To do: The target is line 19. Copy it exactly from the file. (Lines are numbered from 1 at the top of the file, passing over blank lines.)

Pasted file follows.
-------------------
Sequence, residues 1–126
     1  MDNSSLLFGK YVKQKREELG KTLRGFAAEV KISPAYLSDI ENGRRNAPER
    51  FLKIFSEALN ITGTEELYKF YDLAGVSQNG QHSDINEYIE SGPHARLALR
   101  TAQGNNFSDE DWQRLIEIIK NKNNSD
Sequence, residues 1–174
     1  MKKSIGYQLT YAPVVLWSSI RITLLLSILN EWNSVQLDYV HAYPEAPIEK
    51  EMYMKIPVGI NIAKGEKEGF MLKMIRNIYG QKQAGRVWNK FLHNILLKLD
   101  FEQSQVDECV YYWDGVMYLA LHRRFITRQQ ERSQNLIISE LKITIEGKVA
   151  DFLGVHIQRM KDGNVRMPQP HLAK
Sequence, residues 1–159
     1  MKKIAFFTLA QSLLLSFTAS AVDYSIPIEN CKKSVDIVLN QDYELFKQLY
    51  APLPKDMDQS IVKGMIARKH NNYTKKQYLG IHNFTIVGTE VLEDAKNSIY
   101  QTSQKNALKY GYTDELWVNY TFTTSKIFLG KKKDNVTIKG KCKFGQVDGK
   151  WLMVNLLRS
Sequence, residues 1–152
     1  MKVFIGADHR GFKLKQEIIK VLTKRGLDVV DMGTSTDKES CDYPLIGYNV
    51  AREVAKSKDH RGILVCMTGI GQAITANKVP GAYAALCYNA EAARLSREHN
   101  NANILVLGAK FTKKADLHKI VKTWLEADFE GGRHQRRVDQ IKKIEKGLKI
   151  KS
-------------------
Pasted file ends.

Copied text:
   151  KS